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Still modern after all these years

Photograph of Vasilios Kiniris at Zinc Details by Drew Altizer


Zinc Details has turned 20. How did it all begin?

I was fresh out of the College of Environmental Design at the University of California at Berkeley and simply had an idea and some very strong feelings. At the university, Wendy Nishimura and I had developed an understanding and shared a passion for the modern classics of furniture design. In travels to Europe and Japan, we came face to face with new styles hatched from traditional forms. And naturally, we began to form strong relationships with young artisans and designers in the San Francisco Bay Area who were creating excitement with simply styled, highly functional and innovative pieces.

What led you to put your architectural education to use in a retail design store?

It takes a long time for architecture to actually be realized and influence a person’s life. Retail design is a lot more immediate. You can touch people on an everyday level. Personally, we love to collect, admire and interact with beautifully designed products and the store is a reflection of our vision and taste. Having the knowledge of history of architecture and art is also a great reference when dealing with modern design products. All products designed today have references to the past. We can appreciate all the thought process put in to develop the products. And even when creating a display, we can visualize space relations to the products better.

Were you always focused on modern design — and didn’t that put you 10 years ahead of the curve?

From the beginning, the idea was to offer home and office furnishings that had integrity and lasting value. Pieces were selected not because they seemed trendy, but because they had the potential to be contemporary classics, things that carried the elan of treasured modern design — the best of Scandinavian, Italian, Japanese and American ideas.

Now mid-century modern is all the rage. You told us so?

Historically, in the ’50s and ’60s, new appreciation for home design developed and was popularized all across America. It’s no surprise that now mid-century design is back in style and ever more popular because many people are already familiar with the style from when they were young.

What led you to locate on Fillmore Street?

Our first store was on Post Street — well into the Tenderloin, to be exact. It was a tiny 200 square space, and then this freakish accident happened: a huge gas explosion right across from the store. We lost a lot of merchandise and that was the wake up call to look for a larger and safer space. Also, at that time we were invited to create a “shop within a store” at the Macy’s Union Square location. Because of the wider exposure, we attained a larger audience and they wanted to see a larger selection from us.

In 1994, the store moved from Post Street to its present location at 1905 Fillmore Street. The move to Fillmore brought Zinc into one of the most popular shopping streets in San Francisco, with vastly increased foot traffic and an additional 1,000 square feet of showroom space. In the enlarged Zinc Details, we were able to increase the product range to include work from both national and international talent and to expand the in-house product line.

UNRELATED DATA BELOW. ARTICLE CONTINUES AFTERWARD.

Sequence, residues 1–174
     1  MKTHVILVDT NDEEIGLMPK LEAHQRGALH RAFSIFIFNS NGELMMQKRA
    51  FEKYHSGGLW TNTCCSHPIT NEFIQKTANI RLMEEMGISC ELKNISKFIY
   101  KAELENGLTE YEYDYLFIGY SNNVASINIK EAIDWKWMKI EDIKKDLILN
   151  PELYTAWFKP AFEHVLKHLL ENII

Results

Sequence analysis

And then you doubled down on Fillmore by expanding next door into the Big Pagoda space.

Correct. In 2003, we took over the retail space next door, more than doubling our retail space, allowing us to add further lines of internationally known furniture such as Knoll, Kartell, Herman Miller.

And then you doubled down again and opened a second store around the corner on California Street, just when other home design stores were closing. What were you thinking?

We went through many shifts in our business during the past 20 years. In 2001, manufacturing was changing and the major production was moving overseas, so we had to decide to focus on retail or wholesale business. That’s when we opened our second location on Fourth Street in Berkeley. Again our business was shifting and we wanted to create a space of mainly a furniture showroom. We had the opportunity to obtain the 2410 California location at that time and it made sense for us to have two stores closer to each other than across the bay, so we closed the Berkeley store.

But after opening the California Street location, we found that many of our customers didn’t want to make a trip to visit two stores, even though we were only two blocks apart. And after acquiring many designers and architect clients through the California Street location, we decided to shift our business once again to focus on furniture. So last summer we closed our California Street location and packed and moved everything back to our original 1905 Fillmore Street location. Now we can offer a great furniture collection and home accessories at one location, but with more curated visions. Our customers enjoy the convenience of one-stop shopping and it’s much better for me as owner to be in one location and to get to know everyone who comes through the door.

What’s special about Fillmore?

It’s a unique neighborhood with small, independent stores and restaurants. Having a neighborhood store allows for closer ties with customers, many of whom live, work and shop in the area. In fact, I’d say 60 percent of our clients are from the neighborhood, 25 percent are from the rest of the city, 10 percent from the Bay Area and 5 percent are visitors.

Any plans for the new year?

We’re planning to have design movie night, do-it-yourself classes and design discussion panels.